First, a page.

Earlier this year, I wrote a post titled “Oops Minimalism” about how I spent $0 on clothing for the first 6 months of 2017. I attributed the success to:
- Wanting to minimize decision fatigue — Having less clothing means needing to think less about what to wear everyday
- Eliminating cues so I could break shopping habits — Deleting shopping apps, unsubscribing from shopping emails, and unfollowing brands on social media meant out of sight, out of mind (after awhile, I just forgot to shop and stopped thinking about shopping)
- Redirecting the time I used to spend shopping — The most underrated byproduct of minimalism is having more time; by eliminating escapism through shopping, you free up time for the things that matter most to you
I decided to dig a little deeper to see if there was more at play than just those three things above. I revisited our finances for the last 16 months. Previously, I only noticed the $0 on clothing spent for the first 6 months of 2017. After reviewing the last 16 months, I realized that I had spent $0 on clothing in 12 of the last 16 months!
And, all of this happened while I was still working full-time at an apparel company before I quit my job. How did this happen?
How minimalism helped me stop buying clothes
It all starts with awareness and intention:
- I intentionally decided to start separating wants from needs — Minimalism isn’t solely related to clothing; it’s often associated with just stuff in general. By downshifting and trying to adopt minimalism in all aspects of my life, it happened to impact my views and behaviors related to clothing and shopping (and led to a fun thought experiment on experiences vs. things).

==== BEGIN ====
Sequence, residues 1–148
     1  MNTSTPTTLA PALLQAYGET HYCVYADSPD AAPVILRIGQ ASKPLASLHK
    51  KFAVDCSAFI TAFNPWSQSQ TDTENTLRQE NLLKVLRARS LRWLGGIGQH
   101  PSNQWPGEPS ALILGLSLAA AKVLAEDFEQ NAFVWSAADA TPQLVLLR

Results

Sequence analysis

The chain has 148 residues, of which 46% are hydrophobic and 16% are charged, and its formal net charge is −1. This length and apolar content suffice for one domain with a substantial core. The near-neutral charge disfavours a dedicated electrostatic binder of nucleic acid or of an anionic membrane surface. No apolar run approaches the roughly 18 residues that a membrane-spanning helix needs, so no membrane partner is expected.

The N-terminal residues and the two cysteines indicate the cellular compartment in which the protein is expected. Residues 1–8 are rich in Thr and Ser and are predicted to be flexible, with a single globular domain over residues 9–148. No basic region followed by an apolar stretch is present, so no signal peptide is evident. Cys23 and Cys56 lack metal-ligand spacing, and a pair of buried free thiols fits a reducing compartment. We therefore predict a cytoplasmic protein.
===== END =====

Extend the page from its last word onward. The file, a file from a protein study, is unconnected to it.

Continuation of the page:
- I intentionally started tracking our monthly expenses at a transactional level — I’ve been tracking our monthly cash flow for years, but I only started tracking everything at a transactional level at the beginning of 2017. This has allowed for a whole new level of data and insights about where our money goes each month and over the course of a year. My wife and I now have a new level of awareness that we didn’t have in prior years. And, as Eckhart Tolle says, “Awareness is the greatest agent for change.” If you’re curious about what I use to track money, I use Personal Capital for net worth tracking (see this post on FIRE: Financial Independence Retire Early to sign up) and a good old fashioned Excel spreadsheet for manual transaction tracking (you could also automate this by using Personal Capital or Mint). I use an Excel spreadsheet because I have years of prior data and also want to customize how I track and analyze everything.
- I intentionally grouped my shopping needs around key events — My wife and I (especially my wife) are deal hunters. We shop deals and sales, price compare, negotiate, and look for cash back opportunities. I saved most of my 2017 shopping for the time period around Black Friday and Cyber Monday to maximize savings. We also use credit cards that offer cash back rewards which has helped us save even more. For instance, our Discover credit card allows you to redeem rewards in the form of gift cards. We often redeem $40 in rewards to get a $50 Nike gift card. For every $80 we redeem, we get $20 free. We then shop the Nike clearance section on Nike.com, and use Ebates.com to get even more money back. All my workout and running gear is from Nike, but we haven’t actually paid for anything in years.
While I’m not at the point of owning a true capsule wardrobe yet, I’ve managed to stop the influx of new clothing that enters our home. That’s half the battle!
Have you had any success with minimizing the clothing that enters your home or decluttering your closet? I’d love to hear about your story in the comments. And if you’re already on board with minimalism, use that as momentum into slow and simple living.
Also published on Medium.